• Country Overview

    The West African nation of Guinea shares its northern borders with Guinea-Bissau, Senegal, and Mali, and southern borders with Sierra Leone, Liberia, and Côte d’Ivoire. Guinea has a population of at least 12.4 million (2016).

    Political Context

    President Alpha Condé was re-elected to a second term with 57 percent of the vote in a disputed presidential election in October 2015, and sworn in in December, just before Guinea was declared Ebola free. Conde appointed Mamady Youla prime minister. An economist in his 50s, Youla has worked both in the private sector and in government. His cabinet started out with seven women in key ministerial roles. Local elections took place in February 2018. Mayors and Communal Advisors were elected, and heads of districts appointed in proportion to party results. Legislative elections are scheduled in 2018.

    Guinea held its Consultative Group meeting with partners in Paris in November 2017. The government secured financing for its new, five-year development plan (Plan national de développement economique et social) with a total commitment of US$21 billion made—both by partners and members of the private sector. The Word Bank pledged US$1.6 billion and the International Finance Corporation (IFC) US$750 million. In September 2017, Guinea announced that China had agreed to loan it US$20 billion over almost 20 years in exchange for mineral concessions, mainly bauxite. US$3 billion was available immediately; priority sectors for investment included infrastructure, energy, health, and the environment.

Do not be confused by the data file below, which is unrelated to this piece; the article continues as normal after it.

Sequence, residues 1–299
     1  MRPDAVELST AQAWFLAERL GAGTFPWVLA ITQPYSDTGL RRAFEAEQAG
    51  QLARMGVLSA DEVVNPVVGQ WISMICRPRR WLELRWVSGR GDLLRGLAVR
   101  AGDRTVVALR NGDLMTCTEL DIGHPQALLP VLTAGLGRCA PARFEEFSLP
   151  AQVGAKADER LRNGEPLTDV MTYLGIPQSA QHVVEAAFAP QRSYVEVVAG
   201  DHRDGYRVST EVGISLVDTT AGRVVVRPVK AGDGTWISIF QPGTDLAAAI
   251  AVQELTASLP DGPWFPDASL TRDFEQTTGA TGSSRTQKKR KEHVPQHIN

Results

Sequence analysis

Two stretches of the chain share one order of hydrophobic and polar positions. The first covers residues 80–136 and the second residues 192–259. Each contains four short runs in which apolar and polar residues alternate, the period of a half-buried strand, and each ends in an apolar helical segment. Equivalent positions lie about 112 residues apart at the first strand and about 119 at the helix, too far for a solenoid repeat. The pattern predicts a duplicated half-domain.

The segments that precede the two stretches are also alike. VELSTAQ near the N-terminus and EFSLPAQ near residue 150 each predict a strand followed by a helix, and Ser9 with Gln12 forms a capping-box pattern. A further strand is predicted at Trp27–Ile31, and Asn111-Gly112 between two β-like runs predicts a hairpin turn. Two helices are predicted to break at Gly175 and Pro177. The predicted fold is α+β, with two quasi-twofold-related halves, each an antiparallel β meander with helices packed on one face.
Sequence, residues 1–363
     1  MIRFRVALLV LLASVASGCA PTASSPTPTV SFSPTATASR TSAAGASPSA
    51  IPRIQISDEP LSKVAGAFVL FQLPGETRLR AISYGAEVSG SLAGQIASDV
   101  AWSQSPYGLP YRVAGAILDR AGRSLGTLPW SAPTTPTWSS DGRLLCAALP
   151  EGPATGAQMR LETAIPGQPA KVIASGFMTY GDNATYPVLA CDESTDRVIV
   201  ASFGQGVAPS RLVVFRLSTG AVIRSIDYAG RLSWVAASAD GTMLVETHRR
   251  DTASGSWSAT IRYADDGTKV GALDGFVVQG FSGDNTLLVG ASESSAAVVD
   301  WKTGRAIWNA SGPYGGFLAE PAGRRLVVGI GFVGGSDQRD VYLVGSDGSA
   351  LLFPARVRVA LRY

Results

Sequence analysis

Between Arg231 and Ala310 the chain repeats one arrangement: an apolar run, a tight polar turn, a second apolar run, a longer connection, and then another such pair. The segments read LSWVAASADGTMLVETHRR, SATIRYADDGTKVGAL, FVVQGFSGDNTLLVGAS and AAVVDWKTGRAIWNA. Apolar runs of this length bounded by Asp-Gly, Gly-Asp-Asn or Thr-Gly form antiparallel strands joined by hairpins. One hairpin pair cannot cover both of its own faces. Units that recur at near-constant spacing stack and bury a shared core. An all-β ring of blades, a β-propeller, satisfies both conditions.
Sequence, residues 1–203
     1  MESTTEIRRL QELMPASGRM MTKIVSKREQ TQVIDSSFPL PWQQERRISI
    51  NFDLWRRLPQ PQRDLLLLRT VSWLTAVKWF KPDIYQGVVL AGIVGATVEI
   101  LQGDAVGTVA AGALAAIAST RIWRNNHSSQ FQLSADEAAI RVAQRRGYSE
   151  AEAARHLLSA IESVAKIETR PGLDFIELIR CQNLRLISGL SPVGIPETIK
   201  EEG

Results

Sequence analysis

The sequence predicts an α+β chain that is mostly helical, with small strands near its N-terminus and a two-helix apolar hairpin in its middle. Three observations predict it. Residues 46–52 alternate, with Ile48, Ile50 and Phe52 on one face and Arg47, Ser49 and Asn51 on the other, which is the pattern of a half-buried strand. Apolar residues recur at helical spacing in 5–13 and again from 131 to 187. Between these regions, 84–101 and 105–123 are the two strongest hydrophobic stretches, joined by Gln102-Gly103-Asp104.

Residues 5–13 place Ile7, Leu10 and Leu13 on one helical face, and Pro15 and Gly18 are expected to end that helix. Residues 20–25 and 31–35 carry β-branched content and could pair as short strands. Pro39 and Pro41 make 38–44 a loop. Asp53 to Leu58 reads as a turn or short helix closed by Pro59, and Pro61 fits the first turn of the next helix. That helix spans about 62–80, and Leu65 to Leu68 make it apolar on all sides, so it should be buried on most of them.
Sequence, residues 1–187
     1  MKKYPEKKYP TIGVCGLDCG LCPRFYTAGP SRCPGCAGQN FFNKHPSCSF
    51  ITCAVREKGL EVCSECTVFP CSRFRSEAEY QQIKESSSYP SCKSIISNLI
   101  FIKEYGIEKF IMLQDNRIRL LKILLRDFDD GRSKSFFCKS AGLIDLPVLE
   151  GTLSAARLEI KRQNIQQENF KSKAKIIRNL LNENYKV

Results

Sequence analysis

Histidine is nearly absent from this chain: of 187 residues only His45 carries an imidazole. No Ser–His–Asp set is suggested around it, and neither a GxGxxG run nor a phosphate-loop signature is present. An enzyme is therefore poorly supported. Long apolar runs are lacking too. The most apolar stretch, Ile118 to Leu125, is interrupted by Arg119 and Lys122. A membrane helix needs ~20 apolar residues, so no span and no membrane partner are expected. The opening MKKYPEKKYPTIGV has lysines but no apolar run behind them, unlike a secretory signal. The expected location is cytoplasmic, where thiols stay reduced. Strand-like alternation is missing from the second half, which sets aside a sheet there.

Economic Overview

    The momentum of economic recovery continued with 6.7 percent growth in 2017, up from 6.6 percent in 2016. Increased mining production (particularly bauxite), resumed construction activity, good agricultural performance, and the improved provision of electricity were the main drivers of the recovery.

    Guinea has pursued sound fiscal and monetary policies to try to stabilize the economy, although its fiscal deficit increased somewhat to 0.4 percent of GDP in 2017, from 0.1 percent in 2016. Revenue mobilization improved to 15.4 percent of GDP in 2017 (up from 15.0 percent in 2016), because of higher mining revenues and direct tax revenues. Mining tax revenues were 2.9 percent of GDP percent (up from 2.2 percent in 2016), reflecting buoyant activity. Direct tax collection increased from 2.5 to 3.0 percent of GDP between 2016 and 2017, reflecting administrative measures that contribute to improved tax compliance.